I am reading through the book An introduction to Statistical learning with Applications in R, and get stuck:

When doing linear regression, we can write the relation as

$$Y = \beta_0 + \beta_1X + \epsilon$$

where $$E(\epsilon)=0$$

And, we can define the residual sum of squares (RSS) as $$RSS = e_1^2 + e_2^2 + ... +e_n^2$$ where $e_i = y_i-\hat{y_i}$

To minimize the RSS, we can get

$$\hat{\beta_1} = \frac{\sum_{i=1}^{n}(x_i-\bar{x})(y_i-\bar{y})}{\sum_{i=1}^{n}(x_i-\bar{x})^2}$$ $$\hat{\beta_0} = \bar{y}-\hat{\beta_1}\bar{x}$$

But, I cannot get the standard error with $\hat{\beta_0}$, which is (as the book says but I do not know how to prove it)

$$SE(\hat{\beta_0})^2 = var(\epsilon)[\frac{1}{n} + \frac{\bar{x}^2}{\sum_{i=1}^{n}(x_i - \bar{x})^2}]$$ $$SE(\hat{\beta_1})^2 = \frac{var(\epsilon)}{\sum_{i=1}^{n}(x_i - \bar{x})^2}$$

How to prove $SE(\hat{\beta_0})^2$ and $SE(\hat{\beta_1})^2$?

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    $\begingroup$ What about a self-study tag ;) ? $\endgroup$ – RUser4512 Sep 21 '15 at 11:42


Write $$\widehat{\beta_1}= \frac{\sum_{i=1}^n \left( x_i-\bar{x} \right)}{\sum_{i=1}^n \left(x_i-\bar{x} \right)^2} y_i $$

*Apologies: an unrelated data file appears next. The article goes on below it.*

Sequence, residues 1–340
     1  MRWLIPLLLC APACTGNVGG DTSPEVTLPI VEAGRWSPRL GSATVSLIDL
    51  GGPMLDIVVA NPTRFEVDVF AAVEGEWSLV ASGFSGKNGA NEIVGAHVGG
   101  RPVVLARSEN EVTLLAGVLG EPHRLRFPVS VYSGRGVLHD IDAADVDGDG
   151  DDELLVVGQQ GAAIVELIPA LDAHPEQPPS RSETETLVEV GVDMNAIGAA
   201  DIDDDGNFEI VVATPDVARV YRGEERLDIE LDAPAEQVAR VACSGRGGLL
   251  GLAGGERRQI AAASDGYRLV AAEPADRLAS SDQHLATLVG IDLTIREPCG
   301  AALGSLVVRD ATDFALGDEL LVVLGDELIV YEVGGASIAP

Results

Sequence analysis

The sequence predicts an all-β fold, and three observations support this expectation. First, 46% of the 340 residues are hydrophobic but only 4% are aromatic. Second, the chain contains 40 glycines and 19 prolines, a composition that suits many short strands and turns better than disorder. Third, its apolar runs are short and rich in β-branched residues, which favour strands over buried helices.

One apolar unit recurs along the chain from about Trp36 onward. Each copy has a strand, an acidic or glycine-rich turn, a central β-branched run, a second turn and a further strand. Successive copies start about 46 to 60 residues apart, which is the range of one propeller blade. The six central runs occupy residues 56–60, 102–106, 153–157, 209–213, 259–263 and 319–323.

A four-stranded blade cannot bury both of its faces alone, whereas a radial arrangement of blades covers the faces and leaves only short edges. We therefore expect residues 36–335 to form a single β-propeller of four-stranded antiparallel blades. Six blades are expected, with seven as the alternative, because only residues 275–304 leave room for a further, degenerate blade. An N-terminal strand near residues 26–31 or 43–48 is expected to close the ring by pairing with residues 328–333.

and you can check that these two expressions are equivalent, as the sum of mean deviations is zero. Since we are treating the predictors as fixed, you can use the properties of the variance to get what you want.

Now for the intercept, again using the standard rules of variance, we have

$$Var\left\{\widehat{\beta_0}\right\}=Var\left\{\bar{y} \right\}+\bar{x}^2 Var\left\{ \widehat{\beta}_1 \right\}-2\bar{x} Cov\left\{\bar{y},\widehat{\beta}_1 \right\}$$

But now note that

$$Cov\left\{\bar{y}. \widehat{\beta}_1\right\}=Cov\left\{\frac{1}{n}\sum_{i=1}^n y_i, \frac{\sum_{i=1}^n \left( x_i-\bar{x} \right)}{\sum_{i=1}^n \left(x_i-\bar{x} \right)^2} y_i \right\} $$

and since the $y_i$s are independent this reduces to zero. I leave to you the details of this computation. Thus the variance of $\widehat{\beta}_0$ is the sum of the first two components and if you plug in everything, you should get what you are looking for.

Hope this helps.

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Keep in mind that both $\beta_0$ and $\beta_1$ are random variables and the standard errors are the square roots of the variances of these two random variables.

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